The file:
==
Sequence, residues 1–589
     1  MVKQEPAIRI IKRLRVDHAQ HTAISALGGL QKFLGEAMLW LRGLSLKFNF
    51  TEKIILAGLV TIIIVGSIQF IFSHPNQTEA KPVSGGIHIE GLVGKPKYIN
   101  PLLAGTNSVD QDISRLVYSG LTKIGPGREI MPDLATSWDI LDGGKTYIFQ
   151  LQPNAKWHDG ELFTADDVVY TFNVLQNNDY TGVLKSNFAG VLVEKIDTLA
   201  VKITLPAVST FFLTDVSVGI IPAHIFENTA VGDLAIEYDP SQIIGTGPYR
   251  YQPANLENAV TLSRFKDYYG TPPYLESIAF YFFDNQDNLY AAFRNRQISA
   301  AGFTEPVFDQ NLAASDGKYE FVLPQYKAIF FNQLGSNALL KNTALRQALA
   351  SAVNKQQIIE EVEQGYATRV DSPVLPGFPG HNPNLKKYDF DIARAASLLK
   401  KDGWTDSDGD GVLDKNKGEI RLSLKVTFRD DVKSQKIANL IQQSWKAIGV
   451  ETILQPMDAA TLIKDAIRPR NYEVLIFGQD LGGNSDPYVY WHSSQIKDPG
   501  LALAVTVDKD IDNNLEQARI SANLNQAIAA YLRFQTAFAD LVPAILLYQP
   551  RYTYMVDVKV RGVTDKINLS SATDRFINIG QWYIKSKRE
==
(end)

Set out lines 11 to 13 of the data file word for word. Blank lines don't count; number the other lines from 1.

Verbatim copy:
   451  ETILQPMDAA TLIKDAIRPR NYEVLIFGQD LGGNSDPYVY WHSSQIKDPG
   501  LALAVTVDKD IDNNLEQARI SANLNQAIAA YLRFQTAFAD LVPAILLYQP
   551  RYTYMVDVKV RGVTDKINLS SATDRFINIG QWYIKSKRE